Is Ultraviolet light effective against SARS-COV-2 and COVID-19?

Is Ultraviolet light effective against SARS-COV-2 and COVID-19?

Is Ultraviolet light effective against
SARS-COV-2 and COVID-19?

Rear Admiral (Ret) John Palmer U.S. Navy
Chief Executive Officer, UVSheltron

Efficacy question:  The team at UVSheltron is asked frequently:  Is UVC effective against the pathogen that causes COVID-19, otherwise known as SARS-COV-2?  The answer is “Yes.”

Testing in the U.S.:  Direct testing against SARS-COV-2 has been rare in the U.S. during the coronavirus pandemic as most of the virus for laboratory use has been reserved for vaccine development.  However, there have been tests conducted by reputable scientists overseas that demonstrate the efficacy of UVC against SARS-COV-2.

UVC efficacy testing:  In October 2020, The American Journal of Infection Control published the work of Dr. Adalbert Krawczyk of the University Hospital - Essen Germany’s Department of Infectious Diseases who led a panel of international scientists evaluating the effectiveness of UVC in inactivating SARS-CoV-2 causing COVID-19. The study concluded UVC (254 nm) offered complete inactivation after nine minutes of exposure. The disinfection was achieved through an emission of 292 mJ/cm2. The team demonstrated that SARS-CoV-2, even at high viral titers, could be inactivated rapidly by UVC irradiation further revealing that this method is reliable for disinfection purposes in public spaces to include health care facilities.  Source link is at the bottom of this article.

Optimal Killing Power:  UVSheltron’s disinfection devices utilize some of the most powerful UVC lamps on the market that emit short wavelength UVC at 254 nanometers.  In fact, UVSheltron equips their ultraviolet light machines with the same type of low-pressure mercury lamps called out in the Krawczyk study. 

Protected by UVSheltron:  UVSheltron has three basic types of products to help you protect your coworkers and customers as we return to the workplace—Towers, Cabinets, and Handhelds.

  • Towers for space disinfection: We make 6-foot and a 3-foot towers called “Illuminant-6” and “Illuminant-3” respectively.  These products are popular in office complexes, nursing homes, industrial facilities, and medical care facilities.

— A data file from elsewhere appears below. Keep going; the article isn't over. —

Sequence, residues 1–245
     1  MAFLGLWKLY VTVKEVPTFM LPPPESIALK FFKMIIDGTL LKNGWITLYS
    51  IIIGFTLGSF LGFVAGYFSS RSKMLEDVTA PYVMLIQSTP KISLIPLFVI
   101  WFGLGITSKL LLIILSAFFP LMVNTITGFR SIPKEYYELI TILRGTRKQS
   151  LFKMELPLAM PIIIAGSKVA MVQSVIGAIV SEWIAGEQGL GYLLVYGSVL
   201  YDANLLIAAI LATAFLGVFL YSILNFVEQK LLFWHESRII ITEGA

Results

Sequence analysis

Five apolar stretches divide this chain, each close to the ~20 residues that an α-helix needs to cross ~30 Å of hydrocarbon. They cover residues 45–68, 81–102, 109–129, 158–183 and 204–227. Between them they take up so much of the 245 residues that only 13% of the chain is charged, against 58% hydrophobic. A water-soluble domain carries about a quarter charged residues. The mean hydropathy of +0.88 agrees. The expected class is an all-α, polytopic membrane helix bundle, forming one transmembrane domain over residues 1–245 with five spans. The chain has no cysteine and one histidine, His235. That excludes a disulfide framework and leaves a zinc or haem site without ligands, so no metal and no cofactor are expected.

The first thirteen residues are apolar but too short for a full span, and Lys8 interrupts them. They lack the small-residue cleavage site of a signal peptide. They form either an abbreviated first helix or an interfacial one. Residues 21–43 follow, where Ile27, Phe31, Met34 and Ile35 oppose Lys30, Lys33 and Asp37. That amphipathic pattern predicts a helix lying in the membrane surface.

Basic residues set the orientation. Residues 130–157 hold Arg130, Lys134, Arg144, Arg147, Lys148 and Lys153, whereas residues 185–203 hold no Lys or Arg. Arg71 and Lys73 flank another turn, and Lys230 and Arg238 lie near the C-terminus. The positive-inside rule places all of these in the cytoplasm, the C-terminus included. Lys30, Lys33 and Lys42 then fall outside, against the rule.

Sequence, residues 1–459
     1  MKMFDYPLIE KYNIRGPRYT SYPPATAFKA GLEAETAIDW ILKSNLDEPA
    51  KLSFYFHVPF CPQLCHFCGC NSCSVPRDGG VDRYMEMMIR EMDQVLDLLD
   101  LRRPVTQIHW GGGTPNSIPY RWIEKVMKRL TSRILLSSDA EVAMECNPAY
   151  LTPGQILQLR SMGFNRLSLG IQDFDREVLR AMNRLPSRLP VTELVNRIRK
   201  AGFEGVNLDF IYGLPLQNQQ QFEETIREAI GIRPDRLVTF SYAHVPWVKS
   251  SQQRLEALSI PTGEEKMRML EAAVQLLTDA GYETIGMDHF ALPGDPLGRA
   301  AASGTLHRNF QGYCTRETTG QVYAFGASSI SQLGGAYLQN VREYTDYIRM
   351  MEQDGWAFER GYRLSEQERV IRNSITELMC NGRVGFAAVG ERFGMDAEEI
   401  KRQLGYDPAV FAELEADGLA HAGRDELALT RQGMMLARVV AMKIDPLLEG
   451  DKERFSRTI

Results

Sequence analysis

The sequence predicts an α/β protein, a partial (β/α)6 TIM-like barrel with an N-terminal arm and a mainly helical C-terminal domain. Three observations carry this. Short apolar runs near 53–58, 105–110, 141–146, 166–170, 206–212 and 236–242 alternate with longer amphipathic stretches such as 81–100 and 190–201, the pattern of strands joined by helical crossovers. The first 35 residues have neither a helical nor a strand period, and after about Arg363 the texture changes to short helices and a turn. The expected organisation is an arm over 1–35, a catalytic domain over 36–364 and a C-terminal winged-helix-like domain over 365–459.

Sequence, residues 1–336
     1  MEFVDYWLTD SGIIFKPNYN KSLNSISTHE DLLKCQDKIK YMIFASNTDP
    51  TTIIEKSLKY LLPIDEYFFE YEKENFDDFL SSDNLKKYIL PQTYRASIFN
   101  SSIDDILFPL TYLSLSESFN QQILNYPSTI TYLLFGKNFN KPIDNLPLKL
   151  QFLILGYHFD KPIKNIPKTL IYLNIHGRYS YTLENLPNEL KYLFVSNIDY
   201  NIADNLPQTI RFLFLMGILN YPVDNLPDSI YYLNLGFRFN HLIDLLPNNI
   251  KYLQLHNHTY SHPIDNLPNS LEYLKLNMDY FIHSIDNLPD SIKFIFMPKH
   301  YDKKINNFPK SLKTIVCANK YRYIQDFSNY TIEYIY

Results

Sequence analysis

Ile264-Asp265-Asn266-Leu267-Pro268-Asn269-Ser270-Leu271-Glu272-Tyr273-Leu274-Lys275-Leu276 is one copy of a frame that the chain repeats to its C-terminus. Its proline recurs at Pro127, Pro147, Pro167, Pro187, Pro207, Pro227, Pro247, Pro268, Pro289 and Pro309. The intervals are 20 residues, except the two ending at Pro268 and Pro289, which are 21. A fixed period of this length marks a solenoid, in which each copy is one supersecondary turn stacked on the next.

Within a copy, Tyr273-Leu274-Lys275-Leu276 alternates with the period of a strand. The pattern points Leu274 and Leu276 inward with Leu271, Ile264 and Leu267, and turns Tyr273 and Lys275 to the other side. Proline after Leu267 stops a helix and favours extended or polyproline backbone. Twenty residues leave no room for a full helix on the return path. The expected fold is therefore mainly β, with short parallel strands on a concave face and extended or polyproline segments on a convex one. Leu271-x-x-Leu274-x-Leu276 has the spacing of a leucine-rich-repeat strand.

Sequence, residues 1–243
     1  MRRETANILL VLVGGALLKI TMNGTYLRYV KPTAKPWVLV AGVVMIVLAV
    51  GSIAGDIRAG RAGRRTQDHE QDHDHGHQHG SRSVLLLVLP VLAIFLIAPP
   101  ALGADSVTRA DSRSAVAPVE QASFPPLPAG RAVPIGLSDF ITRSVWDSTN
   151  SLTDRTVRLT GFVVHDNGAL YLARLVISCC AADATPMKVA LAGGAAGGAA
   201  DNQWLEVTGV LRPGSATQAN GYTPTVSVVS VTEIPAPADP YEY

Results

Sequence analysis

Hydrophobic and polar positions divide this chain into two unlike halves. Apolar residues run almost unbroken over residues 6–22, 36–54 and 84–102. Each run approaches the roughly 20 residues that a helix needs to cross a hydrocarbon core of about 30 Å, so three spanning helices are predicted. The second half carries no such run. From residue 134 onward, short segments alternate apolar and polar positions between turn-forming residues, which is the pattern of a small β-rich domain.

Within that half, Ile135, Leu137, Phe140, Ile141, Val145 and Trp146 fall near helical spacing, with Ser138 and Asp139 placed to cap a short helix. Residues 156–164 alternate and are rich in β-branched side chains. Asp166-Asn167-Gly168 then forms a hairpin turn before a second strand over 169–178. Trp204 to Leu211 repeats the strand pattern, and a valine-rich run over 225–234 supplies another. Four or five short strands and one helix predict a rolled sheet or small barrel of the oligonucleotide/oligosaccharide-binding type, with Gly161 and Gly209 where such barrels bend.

• Illuminant 6: Large cafeterias, medium sized auditoriums, and large training areas up to 9,000 square feet
    • Illuminant 3: Moderately sized offices, common areas, restrooms, and medium sized cafeterias up to 4,000 square feet.
  • Cabinets for object disinfection:  We make three cabinets or UVC boxes—"Chamber,” “Elide,” and “Ark.”
    • Chamber: Chamber is the size of a large wardrobe or refrigerator.  It is suitable for larger items such as large tools, first responder gear, flight suits, football equipment, lab coats, sports gear, etc. 
    • Elide: Elide is the size of a microwave, and it is popular in waiting rooms and nursing stations to disinfect PDAs, masks, keys, phones, clipboards, small-sized sports equipment, etc. 
    • Ark  (custom designed/manufactured:. Ark is a UVC enclosure designed to disinfect hospital wheelchairs, push carts, IV carts, etc. in only a matter of minutes. Customization would be based in space availability and power supply.
  • Handhelds for targeted disinfection:  We have handheld devices called “Irrupt” and it looks like a 2-foot shop-light. 
    • Irrupt:  Irrupt It permits targeted disinfection and is very popular with fitness centers, bars, restaurants, and industrial maintenance lines. 

How UVC works:  The devices work through Ultraviolet Germicidal Irradiation (UVGI).  UVGI uses the short-wavelength UV-C light to kill or inactivate microorganisms by destroying nucleic acids--disrupting the RNA/DNA and leaving them unable to perform vital cellular functions.  Our devices kill 99.99 percent of hundreds of pathogens (including viruses, bacteria and hard to kill mold & spores) without toxic chemicals. 

Source for SARS-COV-2 (COVID19) study:  University Hospital Essen Germany’s Department of Infectious Diseases; Heilingloh, Aufderhorst, Schipper, Dittmen, Witzke, Yang, Zheng, Sutter, Trilling, Alt, Steinmann, & Krawczyk. American Journal of Infection Control, Volume 48, Issue 10, October 2020, Pages 1273-127.

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